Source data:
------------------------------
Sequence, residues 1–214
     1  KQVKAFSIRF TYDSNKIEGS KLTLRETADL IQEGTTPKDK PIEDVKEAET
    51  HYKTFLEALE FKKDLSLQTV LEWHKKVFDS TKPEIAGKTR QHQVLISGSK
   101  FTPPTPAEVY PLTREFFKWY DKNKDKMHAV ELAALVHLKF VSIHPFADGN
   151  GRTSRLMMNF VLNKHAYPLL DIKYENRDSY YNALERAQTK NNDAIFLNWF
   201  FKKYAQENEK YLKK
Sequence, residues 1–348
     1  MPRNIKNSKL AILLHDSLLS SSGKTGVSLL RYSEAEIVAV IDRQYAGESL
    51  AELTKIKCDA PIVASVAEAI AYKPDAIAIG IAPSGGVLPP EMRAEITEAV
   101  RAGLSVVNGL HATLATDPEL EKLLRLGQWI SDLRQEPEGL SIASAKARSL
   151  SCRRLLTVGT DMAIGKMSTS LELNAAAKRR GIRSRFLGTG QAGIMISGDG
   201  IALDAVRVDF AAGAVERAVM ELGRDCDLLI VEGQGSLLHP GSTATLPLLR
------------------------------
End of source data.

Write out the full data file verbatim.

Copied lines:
Sequence, residues 1–214
     1  KQVKAFSIRF TYDSNKIEGS KLTLRETADL IQEGTTPKDK PIEDVKEAET
    51  HYKTFLEALE FKKDLSLQTV LEWHKKVFDS TKPEIAGKTR QHQVLISGSK
   101  FTPPTPAEVY PLTREFFKWY DKNKDKMHAV ELAALVHLKF VSIHPFADGN
   151  GRTSRLMMNF VLNKHAYPLL DIKYENRDSY YNALERAQTK NNDAIFLNWF
   201  FKKYAQENEK YLKK
Sequence, residues 1–348
     1  MPRNIKNSKL AILLHDSLLS SSGKTGVSLL RYSEAEIVAV IDRQYAGESL
    51  AELTKIKCDA PIVASVAEAI AYKPDAIAIG IAPSGGVLPP EMRAEITEAV
   101  RAGLSVVNGL HATLATDPEL EKLLRLGQWI SDLRQEPEGL SIASAKARSL
   151  SCRRLLTVGT DMAIGKMSTS LELNAAAKRR GIRSRFLGTG QAGIMISGDG
   201  IALDAVRVDF AAGAVERAVM ELGRDCDLLI VEGQGSLLHP GSTATLPLLR